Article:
As fall break is already upon us I know we are all thinking, myself included, about one thing and one thing only: SLEEP! Well we are definitely thinking about all of the delicious home cooked food we will be eating, but I know everyone will for surely be catching up on some sleep. Here’s the thing though, at least for myself, I will be extremely tempted to stay up until 3 catching up on New Girl on Netflix and sleeping in until 11 am the next day. There’s an issue with that though; it’s the complete opposite of my sleep schedule when I’m at school, where I go to bed around 11 and get up by 8. The thing with sleep is no matter how much you get, it seems like you always need more, but the most important thing is to create a schedule/routine to get the best/most amount of sleep you can. Coming back from fall break classes seem to really pick up (if they haven’t already) and you will be getting less and less sleep; which will suck because you’ll have just come off of a four day break of nothing but sleep (and eating of course!). So to help you after this inevitable sleep deprivation happens I’m gonna give you some tips on how to make sure you really don’t become a part of the cast of The Walking Dead. So to catch up on your sleep now and then use these tips to form habits after break.
Give yourself a bedtime: I know you’re thinking “what she’s crazy I’m not a kid anymore!”, but this is really important. You need to go to bed at the same time every night so your body knows what time it needs to start calming down. Again I know you think I’m crazy because, trust me, I know it’s impossible as a college kid to go to sleep at the same time every night, but even if it’s 11 every night you need to set a bedtime. This applies to the weekends too!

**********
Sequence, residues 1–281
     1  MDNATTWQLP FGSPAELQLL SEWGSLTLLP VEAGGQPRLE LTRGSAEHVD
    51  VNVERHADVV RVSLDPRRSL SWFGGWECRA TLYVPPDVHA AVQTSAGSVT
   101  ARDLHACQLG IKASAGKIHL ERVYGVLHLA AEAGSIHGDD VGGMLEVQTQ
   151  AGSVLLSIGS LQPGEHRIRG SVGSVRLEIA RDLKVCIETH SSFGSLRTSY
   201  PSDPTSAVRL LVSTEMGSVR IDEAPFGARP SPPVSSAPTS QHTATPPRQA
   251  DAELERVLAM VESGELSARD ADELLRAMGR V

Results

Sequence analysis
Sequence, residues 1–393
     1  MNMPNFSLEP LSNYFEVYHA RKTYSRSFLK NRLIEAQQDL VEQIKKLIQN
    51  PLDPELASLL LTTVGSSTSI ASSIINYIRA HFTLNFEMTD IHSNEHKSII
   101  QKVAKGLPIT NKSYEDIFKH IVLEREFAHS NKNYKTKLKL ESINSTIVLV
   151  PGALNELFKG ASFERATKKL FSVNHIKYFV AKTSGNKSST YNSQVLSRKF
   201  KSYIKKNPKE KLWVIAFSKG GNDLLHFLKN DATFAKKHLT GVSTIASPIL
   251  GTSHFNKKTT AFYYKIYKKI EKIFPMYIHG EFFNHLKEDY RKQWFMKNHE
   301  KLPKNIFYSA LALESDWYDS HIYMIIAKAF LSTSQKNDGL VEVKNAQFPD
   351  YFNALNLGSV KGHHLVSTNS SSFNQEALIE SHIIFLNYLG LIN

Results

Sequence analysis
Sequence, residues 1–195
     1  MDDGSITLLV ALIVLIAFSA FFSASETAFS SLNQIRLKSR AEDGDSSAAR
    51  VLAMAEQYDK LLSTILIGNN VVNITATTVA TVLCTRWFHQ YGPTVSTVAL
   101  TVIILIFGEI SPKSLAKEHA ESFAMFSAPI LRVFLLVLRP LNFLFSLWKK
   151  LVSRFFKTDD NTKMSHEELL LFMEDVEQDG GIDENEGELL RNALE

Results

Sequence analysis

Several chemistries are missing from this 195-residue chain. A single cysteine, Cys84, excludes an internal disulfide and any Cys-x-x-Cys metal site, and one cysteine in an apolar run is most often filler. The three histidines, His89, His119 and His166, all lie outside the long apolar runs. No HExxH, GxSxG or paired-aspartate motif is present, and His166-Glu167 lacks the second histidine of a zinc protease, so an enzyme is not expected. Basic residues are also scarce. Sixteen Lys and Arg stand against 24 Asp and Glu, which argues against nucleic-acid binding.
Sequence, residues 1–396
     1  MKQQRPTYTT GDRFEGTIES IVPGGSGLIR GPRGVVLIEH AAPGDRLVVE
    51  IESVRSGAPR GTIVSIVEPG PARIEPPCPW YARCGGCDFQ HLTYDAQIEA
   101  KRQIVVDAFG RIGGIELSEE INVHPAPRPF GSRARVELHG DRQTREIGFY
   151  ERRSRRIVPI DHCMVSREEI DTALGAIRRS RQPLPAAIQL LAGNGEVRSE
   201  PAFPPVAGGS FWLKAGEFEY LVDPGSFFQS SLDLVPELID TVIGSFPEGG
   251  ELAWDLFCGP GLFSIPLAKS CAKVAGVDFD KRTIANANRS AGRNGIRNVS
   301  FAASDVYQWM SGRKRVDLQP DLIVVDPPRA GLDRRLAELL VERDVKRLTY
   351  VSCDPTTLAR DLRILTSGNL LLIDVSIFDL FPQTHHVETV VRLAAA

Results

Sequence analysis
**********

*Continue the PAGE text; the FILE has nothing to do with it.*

Wake up time: Just like setting a bedtime you need to set a regular wake-up time. Once again you need this as part of a scheduled routine. Again I know, it’s next to impossible when you have 8 AMs one day and then class at 11 AM the next, but you need this to avoid feeling sluggish everyday. Try to avoid hitting snooze too, this isn’t helping your sleep schedule at all! Unfortunately again this applies to the weekends! Also getting some natural sunlight in the morning helps set your circadian rhythms (which help you sleep).
Naps: Yes we all LOVE naps and they’re not necessarily a bad thing. You can nap to make up lost sleep. It’s actually better to nap than to sleep in late to make up on your lost sleep because you’re not messing with your regular sleep schedule. You should just figure out what a good length of a nap is for you. For example for me a twenty minute nap doesn’t really help, it makes me feel worse. I need about an hour long nap to feel refreshed; make sure you don’t take too long of a nap though, because then you won’t feel tired when it’s your “bedtime”.
Exercise: It helps tire out your body and it makes it easier to sleep. You don’t have to run a marathon but even something like taking a walk is better than nothing. A lot of people do yoga, as it’s a good exercise and a calming activity.